The Court of Appeal sided with Wal-Mart by allowing the appeal, quashing the arbitration award and dismissing the Union’s complaint under Section 59 LC.
Justice Vézina, whose reasons are shared by Justice Gagnon, felt that the broader scope of the concept of “condition of employment” could not be extended to the permanent closure of an establishment or undertaking.
Justice Vézina is categorical: the permanent closure of an establishment or undertaking does not constitute a change in the conditions of employment, but rather an elimination of jobs. His comments leave no room for interpretation:
“ Is there an argument to be made that the closure nonetheless constitutes a change in the conditions of employment contemplated by Section 59 LC? In my opinion, no. It is not a change, but an elimination of jobs. The operations of the undertaking do not change; they disappear.
 Despite the broader scope given to the concept of “conditions of employment” over the years, the permanent closure of an establishment is an altogether different matter; it lies beyond this concept.
 We stop looking for a cure to a patient’s disease when the patient dies. When there is something wrong with an undertaking’s operations, it can no longer be corrected once the undertaking has permanently vanished.”
In other words, the permanent closure of an establishment or undertaking must be distinguished from the way the undertaking is operated. In fact, a change in the operations of the undertaking, which could potentially constitute a change in the conditions of employment, could give rise to an order under which the employer would be required to operate the undertaking again as it had done prior to the change, in order to remedy such an illegal change. But such is not the case in a situation where an establishment or undertaking is closed permanently, since an arbitrator would be unable to order a return to the situation that preceded the closure – in this instance, the resumption of the undertaking’s operations.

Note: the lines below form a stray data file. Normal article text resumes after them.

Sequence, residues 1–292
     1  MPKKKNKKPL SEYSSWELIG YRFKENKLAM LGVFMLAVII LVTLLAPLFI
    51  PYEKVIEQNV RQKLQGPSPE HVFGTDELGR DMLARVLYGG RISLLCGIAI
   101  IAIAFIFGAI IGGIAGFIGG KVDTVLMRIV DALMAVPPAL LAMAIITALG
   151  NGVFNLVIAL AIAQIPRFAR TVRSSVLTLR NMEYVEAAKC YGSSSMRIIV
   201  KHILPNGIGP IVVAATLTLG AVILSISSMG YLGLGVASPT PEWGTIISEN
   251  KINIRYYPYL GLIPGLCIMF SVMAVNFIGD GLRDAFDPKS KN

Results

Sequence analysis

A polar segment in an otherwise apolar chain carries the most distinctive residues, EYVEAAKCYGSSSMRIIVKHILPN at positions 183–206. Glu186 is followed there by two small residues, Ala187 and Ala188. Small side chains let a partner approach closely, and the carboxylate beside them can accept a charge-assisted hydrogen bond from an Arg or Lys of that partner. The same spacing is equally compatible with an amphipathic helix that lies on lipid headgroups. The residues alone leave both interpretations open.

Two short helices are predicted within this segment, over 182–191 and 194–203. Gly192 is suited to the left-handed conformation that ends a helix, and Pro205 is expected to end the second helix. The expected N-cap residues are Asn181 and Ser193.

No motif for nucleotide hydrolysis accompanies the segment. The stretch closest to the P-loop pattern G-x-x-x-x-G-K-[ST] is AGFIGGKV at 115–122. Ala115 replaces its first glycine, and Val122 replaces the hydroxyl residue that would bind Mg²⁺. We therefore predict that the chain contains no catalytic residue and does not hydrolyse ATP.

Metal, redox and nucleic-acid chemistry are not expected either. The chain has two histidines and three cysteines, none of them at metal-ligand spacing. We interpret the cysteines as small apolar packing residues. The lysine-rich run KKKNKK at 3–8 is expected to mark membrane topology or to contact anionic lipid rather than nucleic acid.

An employer cannot be forced to reopen its undertaking, whatever the reasons that motivated its decision to close it, as has been pointed out by the Supreme Court over the past few years.
Finally, Justice Vézina noted that complaints could be filed with the Commission des relations du travail pursuant to Sections 12 to 14 LC (unfair labour practices), although it would not be an easy road for the Union.
Justice Léger shared his colleagues’ conclusion, but for different reasons. On the merits of the matter, he felt that the arbitration award was unreasonable because the rationale was contradictory. The arbitrator had found that closure was a valid ground for termination, but in the same breath said that the dismissals resulting from such a closure change the conditions of employment. He also accepted Wal-Mart’s argument that the arbitration award had the effect of giving non-existent job security to the employees when the application for certification was filed.
The Quebec Court of Appeal is categorical: the complaint based on a change in the conditions of employment pursuant to Section 59 LC is of no assistance in the case of a permanent closure of an establishment or undertaking. The elimination of a job, in such circumstances, does not in any way constitute a change in the conditions of employment.
It will be interesting to follow this case and see if an application for leave to appeal will be filed with the Supreme Court and, if so, if such leave will be granted. We will follow this case and see if, as stated by the Court of Appeal, complaints will be filed by the Union with the Commission des relations du travail pursuant to Sections 12 to 14 LC.